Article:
But who needs a bus when we can get back on the trail and complete the loop.

In the end, we prefer this route much more than the popular Bray-Greystone walk – it is less crowded and affords more diverse landscape.


Phase 3 of the Ireland reopening started on June 29th and we would be able to travel anywhere on the island. Anywhere that is 🙂

25 thoughts on “Dublin in June

      1. LOL – you have to learn a few words that sound like the Irish. My daughter who went to College in Limerick didn’t get an accent in 4 years, but she calls “boys” the “lads,” and other cute expressions. Cookies are now biscuits. 🙂 Oh, and she learned – EVERY house has a Kettle!! 🙂

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  1. Sounds like you’ve been busy for the past two months! Glad that Ireland is resuming normalcy; here in the US, we’re a LONG ways from ever going back to normal. Your hike looks gorgeous, and the encounter with the horse is very assuming. Hope you stay safe and healthy, even after reopening!

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  2. The flowers, pathways, and cliffs make me want to travel even more, but it’s the little smiley faces on the sidewalk that made me realize how all around the world we’re experiencing some of the same realities today. Thanks for posting.

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  3. Wonderful walks! Thanks for taking me along! Found a tour company that puts together inn to inn walking in Ireland but had to stop looking at vacations because it makes my restlessness worse.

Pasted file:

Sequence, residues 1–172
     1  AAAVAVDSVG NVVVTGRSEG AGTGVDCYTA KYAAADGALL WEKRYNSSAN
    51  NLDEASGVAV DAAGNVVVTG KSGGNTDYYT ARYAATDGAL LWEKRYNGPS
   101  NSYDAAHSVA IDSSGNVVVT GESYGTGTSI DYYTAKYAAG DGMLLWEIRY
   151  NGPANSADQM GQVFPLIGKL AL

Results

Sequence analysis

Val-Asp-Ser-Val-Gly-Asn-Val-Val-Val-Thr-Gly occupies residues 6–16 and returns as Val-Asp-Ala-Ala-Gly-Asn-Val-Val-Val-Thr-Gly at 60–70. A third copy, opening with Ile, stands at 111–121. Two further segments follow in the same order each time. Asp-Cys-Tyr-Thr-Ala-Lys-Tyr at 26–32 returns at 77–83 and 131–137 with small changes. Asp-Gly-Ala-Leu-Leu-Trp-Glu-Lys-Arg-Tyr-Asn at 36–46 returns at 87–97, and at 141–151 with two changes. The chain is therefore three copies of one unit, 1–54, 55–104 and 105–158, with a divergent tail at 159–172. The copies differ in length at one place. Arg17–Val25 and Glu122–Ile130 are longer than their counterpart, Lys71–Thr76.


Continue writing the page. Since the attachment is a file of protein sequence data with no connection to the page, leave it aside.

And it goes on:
Really envious of everyone who has left the states because I’ve given up hope that this country will get the virus under control. NY is pretty ok for now but w’ll see how it goes with people from other states traveling here.

    Finally went back to Manhattan after 4 months because Vic thought he had a cavity (chipped tooth instead). Felt great to be back. Think I’m starting to loose it. Normally I go to Manhattan at least 2-3x a week. Bay Ridge is a nice neighborhood but it’s kind of conservative. The idea of being stuck out here even longer with a certain set of people is getting to me. I’m not used to being stuck around a tiny circle. Vic is happy as a clam whenever you put him. Normally it’s not an issue it’s nice knowing all sorts of people, feel like and idiot because we’re fine. Having less access to Manhattan is rough for me. I feel like I’m 5 again at the dinner table surrounded by people more conservative than me (not exactly talking politics). We can head to Manhattan but I feel its selfish of me since Vic has a few health issues just because I need to be around a varied crowd.

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  4. Oh dear. so sad to hear this. I have been brought up to date by what happened in the States. Good idea to stay put just to be safe. There’s still a lot unknown about this virus. Do plan your trips , it will make you feel better. I hope to see you in Ireland someday. Take care. Hugs!!!